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Population of Erwinia amylovora on External and Internal Apple Fruit Tissues. T. Vander Zwet, Research Plant Pathologist, U.S. Department of Agriculture, ARS, Appalachian Fruit Research Station, Kearneysville, WV 25430. S. V. Thomson, R. P. Covey (deceased), and W. G. Bonn. Professor, Department of Biology, Utah State University, Logan 84322-5305; Plant Pathologist, Washington State University, Tree Fruit Research Center, Wenatchee 98801; and Plant Pathologist, Agriculture Canada Research Station, Harrow, Ontario NOR 1GO. Plant Dis. 74:711-716. Accepted for publication 9 February 1990. This article is in the public domain and not copyrightable. It may be freely reprinted with customary crediting of the source. The American Phytopathological Society, 1990. DOI: 10.1094/PD-74-0711.

Injury of apple fruit at time of dip inoculation with Erwinia amylovora led to increased disease when compared to injury after or before inoculation. Few fruit expressed symptoms when injured 96 hr after inoculation. Fruit of Delicious, a relatively resistant cultivar, and Rome Beauty, a susceptible one, became infected more frequently when injured with bruising or large punctures than with small punctures. Blight developed on 4% of Rome Beauty fruit that were punctured but not artificially inoculated. Moreover, only 1% of 125 surface-disinfested Rome Beauty fruit, collected from apparently healthy trees, developed blight symptoms during a 4-mo cold storage period, compared to as much as 15% of fruit taken from blighted trees. No E. amylovora was detected on or inside 210 Delicious fruit that had been obtained from two orchards without blight in Washington state. Endophytic populations of E. amylovora were recovered from apples located within 30 cm from blighted shoots but not from those 60 or 200 cm away. The bacterium was not detected in core tissues of 280 apples sampled from four cultivars collected from apparently healthy trees grown in four regions of North America. Thus, chances for the dissemination of E. amylovora to areas or countries without fire blight is extremely unlikely when undamaged Delicious fruit are harvested a minimum of 100 cm from visible blight symptoms or, preferably, from apparently healthy trees located in orchards free of fire blight.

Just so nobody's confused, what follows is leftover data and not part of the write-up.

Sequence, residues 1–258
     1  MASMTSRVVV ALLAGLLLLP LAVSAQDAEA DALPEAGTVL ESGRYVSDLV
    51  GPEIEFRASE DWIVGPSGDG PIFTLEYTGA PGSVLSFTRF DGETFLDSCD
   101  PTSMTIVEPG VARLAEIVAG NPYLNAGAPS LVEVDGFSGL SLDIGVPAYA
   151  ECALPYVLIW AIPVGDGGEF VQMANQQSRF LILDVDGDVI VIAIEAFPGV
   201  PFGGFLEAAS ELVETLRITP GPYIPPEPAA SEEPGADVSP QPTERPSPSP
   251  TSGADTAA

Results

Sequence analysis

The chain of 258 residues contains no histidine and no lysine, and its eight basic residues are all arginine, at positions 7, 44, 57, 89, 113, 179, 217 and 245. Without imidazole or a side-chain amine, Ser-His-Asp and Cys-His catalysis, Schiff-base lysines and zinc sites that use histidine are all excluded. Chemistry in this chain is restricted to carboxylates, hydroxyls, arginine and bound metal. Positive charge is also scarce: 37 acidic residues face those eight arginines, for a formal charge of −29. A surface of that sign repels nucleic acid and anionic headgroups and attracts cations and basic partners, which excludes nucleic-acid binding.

Keyword(s): detection, export, quarantine.